Monday, November 2, 2009
Shades of Red: China’s Debate over North Korea
INTERNATIONAL CRISIS GROUP - NEW REPORT
Beijing/Brussels, 2 November 2009: China’s internal debate following North Korea’s most recent provocations was interpreted in some Western capitals as a sign that Beijing is finally getting tough with its neighbour.
Shades of Red: China’s Debate over North Korea,* the latest report from the International Crisis Group, examines current Chinese policy toward Pyongyang in the wake of North Korea’s latest round of provocations, including missile launches, the withdrawal from the Six-Party-Talks, and the 25 May nuclear test. These events, together with succession worries, drew out an unusually public, and critical, discussion in China about its ties with North Korea.
The debate took place between those proposing a stronger line against North Korea (“strategists”) and others advocating the continuation of considerable political and economic cover for China’s traditional ally (“traditionalists”). Beijing ultimately supported a strongly worded UN Security Council presidential statement and a resolution mandating a substantial sanctions regime, albeit one focused on missile and defence programs that would not destabilise the North Korean regime.
“Those who read China’s endorsement of UN Security Council Resolution 1874 and its sanctions regime as a signal of a policy shift, underestimate Beijing’s aversion to being diplomatically isolated”, says Stephanie Kleine-Ahlbrandt, Crisis Group’s North East Asia Project Director. “While Chinese policymakers have adjusted their assessments and prepared the landscape for possible future policy changes, the fundamental calculations underpinning Chinese policy remain the same”.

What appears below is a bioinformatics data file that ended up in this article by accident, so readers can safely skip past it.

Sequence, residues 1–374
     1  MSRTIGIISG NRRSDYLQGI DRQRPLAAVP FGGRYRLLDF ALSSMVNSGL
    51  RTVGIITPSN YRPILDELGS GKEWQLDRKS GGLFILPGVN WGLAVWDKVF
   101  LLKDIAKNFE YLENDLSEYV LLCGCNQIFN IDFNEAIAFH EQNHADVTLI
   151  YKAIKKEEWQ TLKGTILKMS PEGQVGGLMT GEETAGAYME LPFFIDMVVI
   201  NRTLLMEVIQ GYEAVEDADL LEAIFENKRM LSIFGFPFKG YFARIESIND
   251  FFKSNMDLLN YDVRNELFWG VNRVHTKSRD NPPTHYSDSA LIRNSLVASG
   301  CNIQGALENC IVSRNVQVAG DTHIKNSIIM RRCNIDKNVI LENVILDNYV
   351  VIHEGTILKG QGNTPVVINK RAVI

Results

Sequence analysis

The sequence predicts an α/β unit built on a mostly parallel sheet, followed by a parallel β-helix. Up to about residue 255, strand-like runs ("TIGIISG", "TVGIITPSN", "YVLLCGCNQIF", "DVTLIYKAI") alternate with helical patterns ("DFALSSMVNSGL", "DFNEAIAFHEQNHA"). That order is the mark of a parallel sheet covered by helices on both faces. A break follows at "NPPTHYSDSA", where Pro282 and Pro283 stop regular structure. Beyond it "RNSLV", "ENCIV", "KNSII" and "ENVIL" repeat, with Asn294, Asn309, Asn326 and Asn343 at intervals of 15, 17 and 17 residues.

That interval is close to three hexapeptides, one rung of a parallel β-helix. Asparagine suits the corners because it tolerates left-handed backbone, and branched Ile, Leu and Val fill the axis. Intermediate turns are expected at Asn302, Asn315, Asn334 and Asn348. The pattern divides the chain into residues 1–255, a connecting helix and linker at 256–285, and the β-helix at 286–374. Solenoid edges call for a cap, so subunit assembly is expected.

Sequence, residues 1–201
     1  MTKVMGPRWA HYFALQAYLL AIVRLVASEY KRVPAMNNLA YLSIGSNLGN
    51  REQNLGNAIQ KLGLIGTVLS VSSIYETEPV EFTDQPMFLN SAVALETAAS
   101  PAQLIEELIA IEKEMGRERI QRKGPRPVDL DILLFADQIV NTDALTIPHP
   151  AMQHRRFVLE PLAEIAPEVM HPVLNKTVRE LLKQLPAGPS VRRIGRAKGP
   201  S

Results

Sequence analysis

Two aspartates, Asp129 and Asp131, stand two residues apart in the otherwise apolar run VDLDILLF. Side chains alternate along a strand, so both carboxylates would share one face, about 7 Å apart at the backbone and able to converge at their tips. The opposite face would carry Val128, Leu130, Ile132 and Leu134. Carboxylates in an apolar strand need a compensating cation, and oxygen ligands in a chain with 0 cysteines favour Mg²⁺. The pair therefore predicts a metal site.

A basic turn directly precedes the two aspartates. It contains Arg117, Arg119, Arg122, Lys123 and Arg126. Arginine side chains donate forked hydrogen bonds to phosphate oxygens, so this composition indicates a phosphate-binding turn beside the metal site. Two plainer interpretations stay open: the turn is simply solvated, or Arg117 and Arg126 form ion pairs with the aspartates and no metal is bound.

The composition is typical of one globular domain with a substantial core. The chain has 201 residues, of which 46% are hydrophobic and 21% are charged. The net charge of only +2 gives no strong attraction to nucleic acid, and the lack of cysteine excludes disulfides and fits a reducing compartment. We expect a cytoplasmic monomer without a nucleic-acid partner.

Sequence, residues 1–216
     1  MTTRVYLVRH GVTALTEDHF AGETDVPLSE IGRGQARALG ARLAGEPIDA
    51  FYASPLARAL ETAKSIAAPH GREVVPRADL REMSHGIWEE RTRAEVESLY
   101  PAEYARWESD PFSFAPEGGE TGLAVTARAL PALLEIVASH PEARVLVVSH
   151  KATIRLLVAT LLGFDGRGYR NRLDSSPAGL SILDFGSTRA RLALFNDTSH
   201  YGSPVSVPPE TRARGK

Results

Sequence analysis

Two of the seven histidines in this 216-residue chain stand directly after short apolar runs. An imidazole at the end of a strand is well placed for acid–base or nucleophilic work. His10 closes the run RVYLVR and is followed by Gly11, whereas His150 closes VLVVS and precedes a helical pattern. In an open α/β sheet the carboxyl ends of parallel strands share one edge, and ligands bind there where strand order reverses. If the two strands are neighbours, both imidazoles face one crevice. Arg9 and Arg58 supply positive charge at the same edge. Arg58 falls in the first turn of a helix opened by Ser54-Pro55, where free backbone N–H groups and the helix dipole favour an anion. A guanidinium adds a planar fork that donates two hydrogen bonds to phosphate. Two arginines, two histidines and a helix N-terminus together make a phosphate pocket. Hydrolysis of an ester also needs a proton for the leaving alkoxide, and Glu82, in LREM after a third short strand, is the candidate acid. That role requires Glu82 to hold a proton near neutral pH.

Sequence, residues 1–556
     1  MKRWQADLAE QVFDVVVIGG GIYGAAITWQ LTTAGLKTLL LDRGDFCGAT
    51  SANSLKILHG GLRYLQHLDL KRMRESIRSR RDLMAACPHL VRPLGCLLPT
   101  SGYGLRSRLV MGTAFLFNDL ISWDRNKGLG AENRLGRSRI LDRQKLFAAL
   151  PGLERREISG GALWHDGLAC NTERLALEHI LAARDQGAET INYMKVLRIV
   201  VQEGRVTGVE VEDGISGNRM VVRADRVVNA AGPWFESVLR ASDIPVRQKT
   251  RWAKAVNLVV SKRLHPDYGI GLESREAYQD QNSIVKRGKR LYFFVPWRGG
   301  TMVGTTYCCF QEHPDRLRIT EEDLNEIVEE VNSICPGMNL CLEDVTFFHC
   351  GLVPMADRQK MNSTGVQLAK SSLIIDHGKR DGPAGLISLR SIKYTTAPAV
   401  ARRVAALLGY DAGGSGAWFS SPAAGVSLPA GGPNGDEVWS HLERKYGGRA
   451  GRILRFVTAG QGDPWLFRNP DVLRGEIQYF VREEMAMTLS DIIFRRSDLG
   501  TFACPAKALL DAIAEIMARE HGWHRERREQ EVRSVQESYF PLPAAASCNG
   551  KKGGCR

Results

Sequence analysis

China prioritises stability over denuclearisation due to a vastly different perception than the U.S. and its allies of the threat posed by a nuclear North Korea. Beijing’s greatest worries are regime implosion, hundreds of thousands of North Korean refugees streaming across the border, and the strategic consequences of a precipitous reunification with South Korea. It therefore continues to act in ways that shield Pyongyang from more punitive measures, including stronger economic sanctions.
Beijing’s strong reaction to the 2006 nuclear test taught it that a tough stance on denuclearisation only weakens bilateral relations and jeopardises stability. Beijing now handles the bilateral relationship and the nuclear issue separately. While strengthening its relationship with the DPRK, Beijing leaves the thornier nuclear issue to the U.S. It navigates effectively between the U.S. and DPRK, simultaneously improving relations with both.
“China does not want North Korea to have nuclear weapons”, says Robert Templer, Crisis Group’s Asia Program Director. “But it is willing to go only so far in applying pressure, as it wants instability on its periphery even less”.
To listen to Daniel Pinkston, Crisis Group’s North East Asia Deputy Project Director, discussing the possibility of a breakthrough in the Six-Party-Talks, please click here for the podcast.http://www.crisisgroup.org/home/index.cfm?id=6182&l=1
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